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Coverdell Education Savings Account Explained

Coverdell Education Savings Account Explained
Coverdell Education Savings Account Explained

With education costs ever increasing, it’s important to get a head start. The Coverdell Education Savings Account, or Coverdell ESA, can help us save the money we need for our children’s schooling, and it offers some attractive tax benefits.

Formerly known as an Education Individual Retirement Account, the Coverdell ESA does have some things in common with IRAs. Contributions are not tax-exempt, but interest is as long as the funds are used for education. Account owners can choose from a variety of investment strategies, including stocks, bonds and mutual funds, and may make adjustments to these investments periodically.

A Coverdell ESA may be set up for anyone under the age of 18. Contributions may be made until the same age. All contributions must be in the form of cash, but cash contributions from corporations are permissible.

One of the most attractive aspects of the Coverdell ESA is that the proceeds can be used for any level of education. Unlike 529 plans that may only be used for college, Coverdell ESA funds may be withdrawn without penalty to use for elementary or secondary education as well. The money may be put toward tuition, fees, books, supplies and required equipment. Those who are enrolled at least half time may also use the funds to pay for room and board.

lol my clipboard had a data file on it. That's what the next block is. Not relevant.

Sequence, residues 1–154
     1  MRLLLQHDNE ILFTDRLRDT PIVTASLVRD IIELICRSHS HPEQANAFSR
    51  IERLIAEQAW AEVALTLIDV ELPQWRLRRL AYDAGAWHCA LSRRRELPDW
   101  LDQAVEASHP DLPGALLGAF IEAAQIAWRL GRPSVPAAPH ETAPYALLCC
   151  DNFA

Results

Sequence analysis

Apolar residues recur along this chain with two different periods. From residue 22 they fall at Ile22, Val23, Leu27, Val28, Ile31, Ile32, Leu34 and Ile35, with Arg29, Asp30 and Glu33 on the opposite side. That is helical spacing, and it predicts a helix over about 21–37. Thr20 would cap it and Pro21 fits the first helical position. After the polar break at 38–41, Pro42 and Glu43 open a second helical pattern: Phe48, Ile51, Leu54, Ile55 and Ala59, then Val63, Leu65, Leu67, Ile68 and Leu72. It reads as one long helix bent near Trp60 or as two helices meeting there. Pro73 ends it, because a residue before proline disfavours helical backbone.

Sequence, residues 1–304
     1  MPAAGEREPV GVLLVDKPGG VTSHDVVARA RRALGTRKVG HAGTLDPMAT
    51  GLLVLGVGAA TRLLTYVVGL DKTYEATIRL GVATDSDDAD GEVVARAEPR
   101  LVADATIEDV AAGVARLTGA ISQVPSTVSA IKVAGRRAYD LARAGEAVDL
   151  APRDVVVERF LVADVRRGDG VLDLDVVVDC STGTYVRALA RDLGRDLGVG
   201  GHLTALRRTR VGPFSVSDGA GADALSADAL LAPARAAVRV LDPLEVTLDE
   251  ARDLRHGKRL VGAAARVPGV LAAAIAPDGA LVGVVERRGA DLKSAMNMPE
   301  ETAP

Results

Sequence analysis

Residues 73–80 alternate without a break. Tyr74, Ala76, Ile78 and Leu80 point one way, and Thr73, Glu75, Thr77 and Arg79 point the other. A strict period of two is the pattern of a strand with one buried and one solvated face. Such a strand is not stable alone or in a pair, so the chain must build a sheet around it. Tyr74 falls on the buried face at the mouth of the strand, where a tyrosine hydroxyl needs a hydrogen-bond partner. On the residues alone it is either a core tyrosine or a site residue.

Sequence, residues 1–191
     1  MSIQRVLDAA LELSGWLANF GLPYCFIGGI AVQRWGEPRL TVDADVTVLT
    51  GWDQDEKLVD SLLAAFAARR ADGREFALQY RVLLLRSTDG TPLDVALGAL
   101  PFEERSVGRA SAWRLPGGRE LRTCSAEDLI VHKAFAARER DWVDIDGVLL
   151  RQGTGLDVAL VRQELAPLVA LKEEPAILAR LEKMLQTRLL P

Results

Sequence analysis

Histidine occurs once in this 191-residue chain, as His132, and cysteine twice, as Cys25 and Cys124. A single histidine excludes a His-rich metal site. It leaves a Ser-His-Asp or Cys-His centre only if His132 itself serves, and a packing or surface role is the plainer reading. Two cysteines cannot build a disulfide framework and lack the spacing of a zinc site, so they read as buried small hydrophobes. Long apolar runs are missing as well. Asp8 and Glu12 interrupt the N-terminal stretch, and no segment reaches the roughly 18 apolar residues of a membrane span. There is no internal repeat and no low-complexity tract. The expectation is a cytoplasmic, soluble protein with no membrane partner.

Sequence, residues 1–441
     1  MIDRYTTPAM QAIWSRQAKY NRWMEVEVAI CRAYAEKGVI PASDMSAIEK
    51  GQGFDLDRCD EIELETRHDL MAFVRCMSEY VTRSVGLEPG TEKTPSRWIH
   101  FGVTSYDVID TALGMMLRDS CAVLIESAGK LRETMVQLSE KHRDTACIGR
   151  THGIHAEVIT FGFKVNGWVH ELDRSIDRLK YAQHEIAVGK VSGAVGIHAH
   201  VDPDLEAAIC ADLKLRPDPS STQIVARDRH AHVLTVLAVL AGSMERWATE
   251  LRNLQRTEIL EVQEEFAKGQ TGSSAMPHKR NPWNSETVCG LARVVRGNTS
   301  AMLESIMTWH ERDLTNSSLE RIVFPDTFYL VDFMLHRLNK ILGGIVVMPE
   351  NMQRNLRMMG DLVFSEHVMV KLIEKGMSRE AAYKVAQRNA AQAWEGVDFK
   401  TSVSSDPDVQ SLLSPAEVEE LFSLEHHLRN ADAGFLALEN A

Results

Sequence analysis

There are certain restrictions imposed on Coverdell ESAs. One of the most important is the $2,000 yearly contribution limit per beneficiary. There is no limit to the number of Coverdell accounts that may be set up for one beneficiary, but contributions across all such accounts can still be no more than $2,000 per year. Contributors with an adjusted gross income of over $95,000 may not contribute the full amount.

Another thing it’s important to remember is that all funds must be withdrawn by the beneficiary’s 30th birthday. The only exception to this rule is for special needs students, for whom there is no age limit. If the funds for a non-special needs student are not used by the time he turns 30, they must be rolled over into an ESA for another family member to avoid taxes and penalties.

Coverdell ESAs have an effect on financial aid eligibility. The effect is largest when the account is owned by a student who is not a dependent, but the account is also considered to a lesser extent if it is owned by a parent or a dependent student. Withdrawals may be limited if claiming a Hope Scholarship or Lifetime Learning tax credit in the same year.

A Coverdell ESA is great for saving for any level of education. While it may not pay for the entire cost of college, its benefits make it a good choice for most families. A Coverdell ESA can be used in conjunction with a 529 plan or other investment vehicle, so you can still save up a great deal of money.


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